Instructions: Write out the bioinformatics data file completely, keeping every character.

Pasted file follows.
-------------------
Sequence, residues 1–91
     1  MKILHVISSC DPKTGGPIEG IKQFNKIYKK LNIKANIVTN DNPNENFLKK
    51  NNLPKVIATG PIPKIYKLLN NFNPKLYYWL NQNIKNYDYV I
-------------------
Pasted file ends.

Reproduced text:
Sequence, residues 1–91
     1  MKILHVISSC DPKTGGPIEG IKQFNKIYKK LNIKANIVTN DNPNENFLKK
    51  NNLPKVIATG PIPKIYKLLN NFNPKLYYWL NQNIKNYDYV I